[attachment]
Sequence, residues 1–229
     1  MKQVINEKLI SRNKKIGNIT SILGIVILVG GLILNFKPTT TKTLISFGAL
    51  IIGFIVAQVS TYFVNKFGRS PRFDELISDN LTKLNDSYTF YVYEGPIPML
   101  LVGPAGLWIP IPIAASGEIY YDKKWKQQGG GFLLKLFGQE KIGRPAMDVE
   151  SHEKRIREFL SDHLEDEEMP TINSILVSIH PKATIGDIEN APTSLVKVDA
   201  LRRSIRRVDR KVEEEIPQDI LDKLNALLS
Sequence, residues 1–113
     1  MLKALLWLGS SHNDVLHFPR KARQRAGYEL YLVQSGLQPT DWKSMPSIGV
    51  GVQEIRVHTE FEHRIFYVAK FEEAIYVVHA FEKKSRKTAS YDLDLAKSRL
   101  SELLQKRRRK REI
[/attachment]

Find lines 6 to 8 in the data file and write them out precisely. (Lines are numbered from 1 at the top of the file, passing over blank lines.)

   201  LRRSIRRVDR KVEEEIPQDI LDKLNALLS
Sequence, residues 1–113
     1  MLKALLWLGS SHNDVLHFPR KARQRAGYEL YLVQSGLQPT DWKSMPSIGV